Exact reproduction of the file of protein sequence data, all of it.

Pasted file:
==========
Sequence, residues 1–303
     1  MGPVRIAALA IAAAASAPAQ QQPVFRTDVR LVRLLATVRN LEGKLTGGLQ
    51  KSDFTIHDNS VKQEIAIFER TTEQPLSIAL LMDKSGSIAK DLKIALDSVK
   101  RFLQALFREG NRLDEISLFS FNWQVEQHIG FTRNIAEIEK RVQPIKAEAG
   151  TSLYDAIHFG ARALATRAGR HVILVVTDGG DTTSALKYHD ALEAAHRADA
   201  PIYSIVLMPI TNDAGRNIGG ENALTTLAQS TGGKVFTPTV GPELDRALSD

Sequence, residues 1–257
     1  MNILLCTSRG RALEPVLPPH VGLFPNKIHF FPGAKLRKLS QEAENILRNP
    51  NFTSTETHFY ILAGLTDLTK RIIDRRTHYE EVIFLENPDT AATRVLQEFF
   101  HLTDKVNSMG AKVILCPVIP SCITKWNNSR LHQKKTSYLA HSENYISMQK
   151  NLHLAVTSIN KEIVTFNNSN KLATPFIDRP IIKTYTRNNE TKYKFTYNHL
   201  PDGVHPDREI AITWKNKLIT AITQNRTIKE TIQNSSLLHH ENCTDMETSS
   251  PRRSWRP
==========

Sequence, residues 1–303
     1  MGPVRIAALA IAAAASAPAQ QQPVFRTDVR LVRLLATVRN LEGKLTGGLQ
    51  KSDFTIHDNS VKQEIAIFER TTEQPLSIAL LMDKSGSIAK DLKIALDSVK
   101  RFLQALFREG NRLDEISLFS FNWQVEQHIG FTRNIAEIEK RVQPIKAEAG
   151  TSLYDAIHFG ARALATRAGR HVILVVTDGG DTTSALKYHD ALEAAHRADA
   201  PIYSIVLMPI TNDAGRNIGG ENALTTLAQS TGGKVFTPTV GPELDRALSD

Sequence, residues 1–257
     1  MNILLCTSRG RALEPVLPPH VGLFPNKIHF FPGAKLRKLS QEAENILRNP
    51  NFTSTETHFY ILAGLTDLTK RIIDRRTHYE EVIFLENPDT AATRVLQEFF
   101  HLTDKVNSMG AKVILCPVIP SCITKWNNSR LHQKKTSYLA HSENYISMQK
   151  NLHLAVTSIN KEIVTFNNSN KLATPFIDRP IIKTYTRNNE TKYKFTYNHL
   201  PDGVHPDREI AITWKNKLIT AITQNRTIKE TIQNSSLLHH ENCTDMETSS
   251  PRRSWRP